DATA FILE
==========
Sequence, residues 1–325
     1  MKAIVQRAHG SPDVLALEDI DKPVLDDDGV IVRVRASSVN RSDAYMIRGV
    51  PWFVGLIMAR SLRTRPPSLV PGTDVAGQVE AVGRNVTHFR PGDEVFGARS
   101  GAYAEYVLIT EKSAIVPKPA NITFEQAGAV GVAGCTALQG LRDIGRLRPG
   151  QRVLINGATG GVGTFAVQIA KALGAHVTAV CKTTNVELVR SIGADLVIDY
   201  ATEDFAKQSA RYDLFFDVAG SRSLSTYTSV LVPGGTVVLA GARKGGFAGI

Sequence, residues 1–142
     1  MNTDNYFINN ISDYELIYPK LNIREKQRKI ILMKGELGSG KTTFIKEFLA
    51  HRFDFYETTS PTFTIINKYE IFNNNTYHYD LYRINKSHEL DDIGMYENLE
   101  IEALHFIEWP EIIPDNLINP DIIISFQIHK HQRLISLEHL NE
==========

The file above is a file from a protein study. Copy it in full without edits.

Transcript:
Sequence, residues 1–325
     1  MKAIVQRAHG SPDVLALEDI DKPVLDDDGV IVRVRASSVN RSDAYMIRGV
    51  PWFVGLIMAR SLRTRPPSLV PGTDVAGQVE AVGRNVTHFR PGDEVFGARS
   101  GAYAEYVLIT EKSAIVPKPA NITFEQAGAV GVAGCTALQG LRDIGRLRPG
   151  QRVLINGATG GVGTFAVQIA KALGAHVTAV CKTTNVELVR SIGADLVIDY
   201  ATEDFAKQSA RYDLFFDVAG SRSLSTYTSV LVPGGTVVLA GARKGGFAGI

Sequence, residues 1–142
     1  MNTDNYFINN ISDYELIYPK LNIREKQRKI ILMKGELGSG KTTFIKEFLA
    51  HRFDFYETTS PTFTIINKYE IFNNNTYHYD LYRINKSHEL DDIGMYENLE
   101  IEALHFIEWP EIIPDNLINP DIIISFQIHK HQRLISLEHL NE